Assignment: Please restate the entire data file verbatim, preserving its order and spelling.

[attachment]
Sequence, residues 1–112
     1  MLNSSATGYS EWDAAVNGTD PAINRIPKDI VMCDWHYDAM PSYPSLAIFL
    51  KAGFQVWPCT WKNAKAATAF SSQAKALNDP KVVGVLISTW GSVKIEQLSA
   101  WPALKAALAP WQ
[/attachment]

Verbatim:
Sequence, residues 1–112
     1  MLNSSATGYS EWDAAVNGTD PAINRIPKDI VMCDWHYDAM PSYPSLAIFL
    51  KAGFQVWPCT WKNAKAATAF SSQAKALNDP KVVGVLISTW GSVKIEQLSA
   101  WPALKAALAP WQ